Taking pride in our work

I was chatting with my dad recently and he shared a story about how his neighbor needed to fix their house roof. They did their research and contracted the best rated roofing contractor in the area. To access the roof, the contractor had to erect scaffolding to “fix” the roof. But in the process they damaged my parents’ roof, leaving a tile compromised, as well as construction scraps. My Dad asked that they fix their error, which they agreed to do, but still did not fix it properly. My Dad had to head up to the roof carrying his bucket of tools and fix it himself. In our conversation we discussed how as a roofer it is quite easy to hide poor craftsmanship as most of your customers cant/don’t want to inspect the job, but ultimately it begged the question for my Dad, where has pride in our work gone?

VECKTA Taking pride in our work

This aligns well with my previous blog on antifragility as one of the keys to an antifragile attitude is taking pride in your work. But it did get me thinking: why don’t more people naturally take pride in their work?

I feel that today there are some plausible causes that spring to mind for a lack of pride in what we do:

  • Very few experiment enough in life to find their life purpose. We pass through the sausage machine of education straight into a job, and don’t follow our instincts to pursue what actually makes us happy and aligns with who we are or what we are good at.
  • We are disconnected from our personal values and also struggle to identify organizations who have values we align with.
  • Employment has largely shifted to being paid for hours worked vs paid for value created and the employer – employee relationship has become very transactional and impersonal.
  • In the digital world we are becoming disconnected from the “product” (though this does not speak to the botched roof) and each other.

I don’t like excuses, and the bottom line is, if you take pride in who you are, what you stand for and what you create then the points above are simply that, excuses. But maybe as a proud individual who is an active change agent you can consider the possible barriers above and help those around you take the steps towards being more connected with themselves, their community, and their teams to contribute towards a thriving future and excellence. They say “pride” is an acronym for Personal Responsibility in Delivering Excellence.

Some of the rules that have served me well include:

  • Find what you love and love what you do (either work or pleasure, but ideally both!).
  • Live by your values (which can change!!) and find people and organizations to be a part of who share similar values.
  • Be an active agent for change: don’t accept the status quo or be a passive and powerless bystander.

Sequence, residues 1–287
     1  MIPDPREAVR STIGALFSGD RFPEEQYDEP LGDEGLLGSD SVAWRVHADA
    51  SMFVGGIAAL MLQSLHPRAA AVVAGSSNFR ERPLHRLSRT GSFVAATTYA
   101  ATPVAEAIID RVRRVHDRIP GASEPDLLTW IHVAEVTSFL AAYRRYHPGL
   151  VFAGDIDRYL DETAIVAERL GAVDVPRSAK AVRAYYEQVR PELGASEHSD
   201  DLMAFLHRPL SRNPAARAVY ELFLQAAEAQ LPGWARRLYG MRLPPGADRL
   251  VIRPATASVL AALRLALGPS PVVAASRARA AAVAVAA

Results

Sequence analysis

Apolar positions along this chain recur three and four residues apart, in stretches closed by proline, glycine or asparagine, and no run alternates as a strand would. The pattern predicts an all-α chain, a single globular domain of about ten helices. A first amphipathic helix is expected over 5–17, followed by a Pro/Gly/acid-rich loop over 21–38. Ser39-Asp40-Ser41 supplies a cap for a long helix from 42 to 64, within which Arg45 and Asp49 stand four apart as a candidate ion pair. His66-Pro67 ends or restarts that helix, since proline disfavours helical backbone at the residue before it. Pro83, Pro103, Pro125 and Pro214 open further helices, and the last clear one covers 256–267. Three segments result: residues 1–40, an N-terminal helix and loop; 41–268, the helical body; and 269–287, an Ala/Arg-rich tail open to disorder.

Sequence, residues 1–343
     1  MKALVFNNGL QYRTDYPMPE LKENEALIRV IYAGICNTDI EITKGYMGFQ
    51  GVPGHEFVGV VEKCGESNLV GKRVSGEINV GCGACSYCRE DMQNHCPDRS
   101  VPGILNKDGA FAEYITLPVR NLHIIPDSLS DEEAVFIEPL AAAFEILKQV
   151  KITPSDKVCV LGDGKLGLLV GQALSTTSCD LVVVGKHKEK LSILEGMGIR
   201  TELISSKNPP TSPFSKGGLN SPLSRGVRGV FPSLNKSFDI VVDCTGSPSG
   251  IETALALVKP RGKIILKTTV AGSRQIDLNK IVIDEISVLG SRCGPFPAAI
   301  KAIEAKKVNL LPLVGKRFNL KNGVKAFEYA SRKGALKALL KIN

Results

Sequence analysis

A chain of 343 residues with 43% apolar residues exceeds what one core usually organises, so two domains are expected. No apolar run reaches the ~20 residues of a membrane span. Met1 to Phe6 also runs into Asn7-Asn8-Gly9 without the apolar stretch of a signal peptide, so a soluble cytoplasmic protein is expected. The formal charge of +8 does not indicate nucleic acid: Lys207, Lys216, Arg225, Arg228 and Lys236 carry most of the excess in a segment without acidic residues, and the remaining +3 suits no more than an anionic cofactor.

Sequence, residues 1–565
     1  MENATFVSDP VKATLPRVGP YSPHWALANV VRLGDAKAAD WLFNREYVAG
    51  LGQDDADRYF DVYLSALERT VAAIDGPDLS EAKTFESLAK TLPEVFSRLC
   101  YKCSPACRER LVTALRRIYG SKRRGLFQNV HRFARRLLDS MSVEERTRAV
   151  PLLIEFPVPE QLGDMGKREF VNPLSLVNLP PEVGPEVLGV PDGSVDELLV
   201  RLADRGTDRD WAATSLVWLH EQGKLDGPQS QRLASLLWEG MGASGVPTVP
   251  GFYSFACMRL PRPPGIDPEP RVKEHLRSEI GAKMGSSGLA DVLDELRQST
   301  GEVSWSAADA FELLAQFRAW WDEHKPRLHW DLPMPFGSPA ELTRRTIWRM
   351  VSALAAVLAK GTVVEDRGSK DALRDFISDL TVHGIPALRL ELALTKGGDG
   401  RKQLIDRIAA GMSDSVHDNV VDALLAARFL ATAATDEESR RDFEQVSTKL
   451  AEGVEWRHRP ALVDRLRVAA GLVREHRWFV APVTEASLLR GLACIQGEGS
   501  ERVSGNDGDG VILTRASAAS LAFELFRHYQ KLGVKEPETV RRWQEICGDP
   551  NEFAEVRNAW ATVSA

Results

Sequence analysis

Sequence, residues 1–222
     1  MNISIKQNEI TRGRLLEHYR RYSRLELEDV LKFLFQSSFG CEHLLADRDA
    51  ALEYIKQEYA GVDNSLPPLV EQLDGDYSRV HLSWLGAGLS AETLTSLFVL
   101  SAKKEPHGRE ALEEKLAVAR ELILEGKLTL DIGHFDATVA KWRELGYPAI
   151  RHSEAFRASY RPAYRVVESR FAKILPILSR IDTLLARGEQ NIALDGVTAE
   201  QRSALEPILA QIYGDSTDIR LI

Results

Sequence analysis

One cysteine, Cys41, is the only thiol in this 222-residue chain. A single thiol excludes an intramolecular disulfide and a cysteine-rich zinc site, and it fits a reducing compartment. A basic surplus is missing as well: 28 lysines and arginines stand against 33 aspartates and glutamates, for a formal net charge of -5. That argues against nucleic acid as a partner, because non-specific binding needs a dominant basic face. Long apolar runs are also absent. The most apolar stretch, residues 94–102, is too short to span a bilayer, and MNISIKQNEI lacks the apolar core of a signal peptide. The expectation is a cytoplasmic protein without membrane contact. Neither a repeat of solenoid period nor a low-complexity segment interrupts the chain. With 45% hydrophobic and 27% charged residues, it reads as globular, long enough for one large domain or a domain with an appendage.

• There is no such thing as clocking on and off: do what it takes, deliver beyond people’s expectations, and create true value towards an agreed and aligned purpose/vision.
  • Learn to listen to your gut, analyze less and say YES! If your gut says ‘yes’ it typically aligns with the other bullets above.
  • Take risks and then figure it out. This is exciting, empowering, and really gets you fired up, passionate and ready to do amazing things!

This all links back to building your personal brand – knowing who you are and living your best life.

Do you take pride in your work, if so, what are your rules? If not, why not? I’d love to learn!

I now have a chance to play a critical role in shaping, at VECKTA, an environment and culture that inspires taking pride in our work, it has and will be an ongoing experiment, which I am super excited about.

My parents have always taught me to take pride in everything I do and if you are going to do something do it right or not at all!! Dad in particular, whether it is washing the car/motorbike, DIY at home, or working throughout his career, he is meticulous and always takes huge pride in his work. Not because it was expected but because he loves what he does, wants to excel and feel good about the process and end result. Amazing life lesson and one that I hope Mel and I can instill in our son E and you in your kids, colleagues, and network.

The positive outcome from the botched roof job was that Dad got to enjoy the view from the roof of the house on a beautiful day, there is always a silver lining :). I picture that scene in Shawshank Redemption when the convicts and guards after a long day of manual work, all enjoy a pure and simple moment drinking a beer on the roof together, feeling proud and free, if just for a passing moment! Enjoy these moments and make them more than just passing!

“Every job is a self-portrait of the person who did it. Autograph your work with excellence” Jessica Guidobono

Taking pride in our work at VECTKA

Photo credits: (Hunter Haley / Unsplash) (Castle Rock Entertainment)